Chinese New Year

Day By Day Celebrations Of Chinese New Year

January 27, 2017

Chinese New Year is an outstanding holiday celebrated according to the lunisolar calendar, at the time when the new moon begins. Usually, it falls between 21 January and 20 February. The forthcoming New Year is going to take place on Sunday, 28 January.

The celebration starts from New Year’s Eve and lasts until the middle of the first month, which is 15 days. Traditionally, it is the time for family reunion, gifts exchange, and honoring ancestors and gods interspersed with red colors, joy, and chasing of good luck in a new year.

On the contrary to a typical image of the New Year, the Spring Festival (another name for Chinese New Year) has its own features with which you may get acquainted below.

1. Since the celebration endures for 15 days, each of them has a specific mission. On the third and fourth days, there is a tradition when sons-in-law honor their parents-in-law. However, if in the family there is a relative who died in the past 3 years, it is preferred to stay at home not to let evil spirits penetrate into your house.

2. The 5th day is distinguished by pending the God of Wealth visit. On this day, leaving house for a long time is inappropriate as it may bring bad luck in case the God of Wealth pays a visit and you are away. A good thing is that you can finally sweep the floor on the 5th day of celebrations. No more worries on this subject.

3. From the 6th up to the 10th day of Chinese New Year you may again start going outside the home, visit relatives, and pray in temples for welfare in a coming year.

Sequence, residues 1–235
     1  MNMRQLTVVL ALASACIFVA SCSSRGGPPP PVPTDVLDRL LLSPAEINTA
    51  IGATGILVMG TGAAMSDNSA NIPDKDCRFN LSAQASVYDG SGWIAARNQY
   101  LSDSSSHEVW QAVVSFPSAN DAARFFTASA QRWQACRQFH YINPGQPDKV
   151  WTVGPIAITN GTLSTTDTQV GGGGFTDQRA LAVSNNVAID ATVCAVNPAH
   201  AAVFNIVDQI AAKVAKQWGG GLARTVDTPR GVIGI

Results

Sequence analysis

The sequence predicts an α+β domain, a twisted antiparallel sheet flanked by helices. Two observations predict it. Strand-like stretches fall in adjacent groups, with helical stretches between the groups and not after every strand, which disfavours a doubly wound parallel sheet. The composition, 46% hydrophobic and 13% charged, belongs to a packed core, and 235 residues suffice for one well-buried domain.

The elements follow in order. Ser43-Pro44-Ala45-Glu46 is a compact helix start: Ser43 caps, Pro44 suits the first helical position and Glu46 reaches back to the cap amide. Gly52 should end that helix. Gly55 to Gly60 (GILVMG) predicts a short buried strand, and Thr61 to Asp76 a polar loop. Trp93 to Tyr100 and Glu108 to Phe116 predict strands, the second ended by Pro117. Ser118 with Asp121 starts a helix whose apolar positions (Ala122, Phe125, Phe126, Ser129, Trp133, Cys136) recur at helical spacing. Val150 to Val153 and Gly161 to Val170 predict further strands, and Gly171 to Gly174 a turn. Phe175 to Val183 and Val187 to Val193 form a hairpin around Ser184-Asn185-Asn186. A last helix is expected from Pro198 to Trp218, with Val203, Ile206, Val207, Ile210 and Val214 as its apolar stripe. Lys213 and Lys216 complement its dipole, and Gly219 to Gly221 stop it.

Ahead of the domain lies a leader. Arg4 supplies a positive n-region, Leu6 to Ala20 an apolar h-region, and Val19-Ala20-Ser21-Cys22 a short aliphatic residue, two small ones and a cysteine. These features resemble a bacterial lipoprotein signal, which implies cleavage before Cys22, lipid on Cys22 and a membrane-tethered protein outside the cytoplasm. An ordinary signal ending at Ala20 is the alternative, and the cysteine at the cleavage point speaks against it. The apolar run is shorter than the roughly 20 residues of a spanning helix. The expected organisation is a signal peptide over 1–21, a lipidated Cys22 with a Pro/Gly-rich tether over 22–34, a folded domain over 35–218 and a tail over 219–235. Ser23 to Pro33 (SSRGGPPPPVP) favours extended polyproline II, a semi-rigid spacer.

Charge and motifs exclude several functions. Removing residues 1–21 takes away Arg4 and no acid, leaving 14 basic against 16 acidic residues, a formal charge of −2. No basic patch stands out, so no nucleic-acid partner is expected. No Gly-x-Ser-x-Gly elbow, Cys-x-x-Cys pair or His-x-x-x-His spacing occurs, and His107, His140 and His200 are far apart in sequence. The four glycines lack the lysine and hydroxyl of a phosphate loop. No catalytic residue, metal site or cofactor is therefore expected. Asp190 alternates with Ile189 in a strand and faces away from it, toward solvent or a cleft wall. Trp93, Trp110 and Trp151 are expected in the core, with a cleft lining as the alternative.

4. The 7th day of the first lunar month is called ‘renri’ or Human Day. To honor Nüwa, the god who created the world, people make a holiday drink of 7 kinds of vegetables and eat raw fish, which has a symbolic meaning of health.

5. The 8th day is known as the Completion Day, when Fujian people have a family dinner and pray to the god of heaven – the Jade Emperor.

6. By the way, it is the Jade Emperor’s birthday on the 9th day of festivities. On this day, all Chinese celebrate and thank this god for the creation of the Universe.

7. The most feasting days of Chinese New Year are the 10th, 11th, and 12th. Friends and relatives visit each other, eat exquisite meals, and definitely need some rest for the stomach, which they do get on the 13th day of holiday – the day to cleanse the digestive system.

8. On the 14th day, everyone is getting prepared for the Lantern Festival, which takes place on the 15th day of the full moon.

9. The key color of the holiday is considered to be red as it symbolizes the vitality and happiness of the future. People prepare gifts in red colors and buy red clothes, but they stay away from red underwear as it is one of the signs of bad luck.

10.  Each Chinese New Year has an animal sign. The sign for the year 2017 is the Rooster. This animal portrays the image of fidelity and punctuality. However, people born under the Rooster’s sign should be careful in the forthcoming year as the year of one’s birth sign is the most unlucky year in the 12-year cycle.

Chinese New Year is a vivid example of how people preserve cultural traditions and maintain joyful spirit of the holiday.

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